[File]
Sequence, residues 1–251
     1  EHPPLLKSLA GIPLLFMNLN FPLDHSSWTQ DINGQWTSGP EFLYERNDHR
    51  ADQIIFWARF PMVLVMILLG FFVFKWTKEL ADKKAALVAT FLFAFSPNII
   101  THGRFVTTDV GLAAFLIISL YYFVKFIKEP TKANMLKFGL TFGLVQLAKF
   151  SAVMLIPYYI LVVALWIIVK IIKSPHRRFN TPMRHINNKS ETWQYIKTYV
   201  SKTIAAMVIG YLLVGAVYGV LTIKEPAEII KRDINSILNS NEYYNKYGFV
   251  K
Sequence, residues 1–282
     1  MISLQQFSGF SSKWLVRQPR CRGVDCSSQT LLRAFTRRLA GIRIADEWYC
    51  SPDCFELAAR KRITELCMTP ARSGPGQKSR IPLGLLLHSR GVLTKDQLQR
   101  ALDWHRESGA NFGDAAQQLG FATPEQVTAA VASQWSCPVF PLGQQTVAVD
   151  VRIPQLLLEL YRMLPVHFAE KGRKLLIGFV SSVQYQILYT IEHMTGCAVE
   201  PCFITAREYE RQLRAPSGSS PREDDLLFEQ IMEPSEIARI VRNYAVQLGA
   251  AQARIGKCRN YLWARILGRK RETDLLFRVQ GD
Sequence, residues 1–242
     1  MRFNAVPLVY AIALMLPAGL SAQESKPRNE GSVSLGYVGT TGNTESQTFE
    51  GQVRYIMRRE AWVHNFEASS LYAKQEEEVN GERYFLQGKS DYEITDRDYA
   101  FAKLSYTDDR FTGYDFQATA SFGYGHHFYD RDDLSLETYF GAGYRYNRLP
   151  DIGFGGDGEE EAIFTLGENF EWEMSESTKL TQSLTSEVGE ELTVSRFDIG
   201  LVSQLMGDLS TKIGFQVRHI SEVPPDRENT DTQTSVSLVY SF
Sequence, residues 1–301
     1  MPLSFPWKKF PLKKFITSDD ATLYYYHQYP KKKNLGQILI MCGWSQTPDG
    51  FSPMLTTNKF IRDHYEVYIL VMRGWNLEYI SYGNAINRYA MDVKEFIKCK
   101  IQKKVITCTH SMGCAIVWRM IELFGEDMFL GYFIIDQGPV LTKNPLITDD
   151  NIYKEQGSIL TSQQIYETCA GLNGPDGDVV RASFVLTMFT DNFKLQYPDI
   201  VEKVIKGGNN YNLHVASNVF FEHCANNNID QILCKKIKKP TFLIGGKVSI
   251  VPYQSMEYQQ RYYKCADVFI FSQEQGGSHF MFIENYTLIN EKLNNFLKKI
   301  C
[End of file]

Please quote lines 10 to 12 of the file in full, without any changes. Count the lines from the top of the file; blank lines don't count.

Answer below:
    51  SPDCFELAAR KRITELCMTP ARSGPGQKSR IPLGLLLHSR GVLTKDQLQR
   101  ALDWHRESGA NFGDAAQQLG FATPEQVTAA VASQWSCPVF PLGQQTVAVD
   151  VRIPQLLLEL YRMLPVHFAE KGRKLLIGFV SSVQYQILYT IEHMTGCAVE